As per relevant sources, the United Kingdom authorities have declared that the insolvency inquiry about Micasa WW Ltd and Remultex Ltd revealed the firms’ involvement in bitcoin fraud in the time period of February 2019 and December 2020, transacting around £1.3 million of BTC into their accounts without any recorded history.
According to a press report, the U.K. government claims that these two firms fumbled the questions during investigation about the untraceable bulk transactions compelling the High Court to initiate liquidation and wrapping up their accounts by imposing on them the charge of lack of accountability.
“Micasa, along with associated company Remultex, both shut down after accounts failed to explain large payments, and misuse of Bounce Back Loans” the press report had published.
Interrogative crew who led the investigations found that the firms had transacted a £50,000 bounce-back loan without even a single record or documentation history representing their abidance by the regulations while transferring such a huge bulk of funds. Remultex had a bounce-back loan of about £30,000 lump sum, even though the firm’s account couldn’t support the taking of funds.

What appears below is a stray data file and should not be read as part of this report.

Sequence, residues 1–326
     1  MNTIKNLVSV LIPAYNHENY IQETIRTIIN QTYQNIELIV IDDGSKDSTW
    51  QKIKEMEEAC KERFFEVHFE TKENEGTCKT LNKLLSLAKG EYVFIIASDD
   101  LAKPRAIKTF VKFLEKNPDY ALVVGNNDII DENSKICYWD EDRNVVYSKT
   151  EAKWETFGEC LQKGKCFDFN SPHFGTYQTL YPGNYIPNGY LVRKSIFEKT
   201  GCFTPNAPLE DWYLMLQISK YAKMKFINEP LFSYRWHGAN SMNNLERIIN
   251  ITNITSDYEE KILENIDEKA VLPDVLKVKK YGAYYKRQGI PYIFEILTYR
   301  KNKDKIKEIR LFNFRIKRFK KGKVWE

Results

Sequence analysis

“The company had been identified as potentially involved in a cryptocurrency scam, although the lack of accounting records meant it was not possible to verify whether its business was legitimate trading activity. Investigators did identify that it had secured a £50,000 Bounce Back Loan (BBL), although there was also no evidence that the company was eligible under the scheme rules” the press release declared.
A Manchester High Court Judge declared that keeping the best interest of the traders in mind, it is in favour to close the firms completely in reference to the fact that they are working against the trading policies and are dealing in the absence of a commercial “probity” and thus leading to illegal fund moving.
“As part of their duties, the Official Receiver as Liquidator will seek to recover and realize the assets of the company to make returns to creditors,” said David Hope, the Chief Investigator at the Insolvency Service.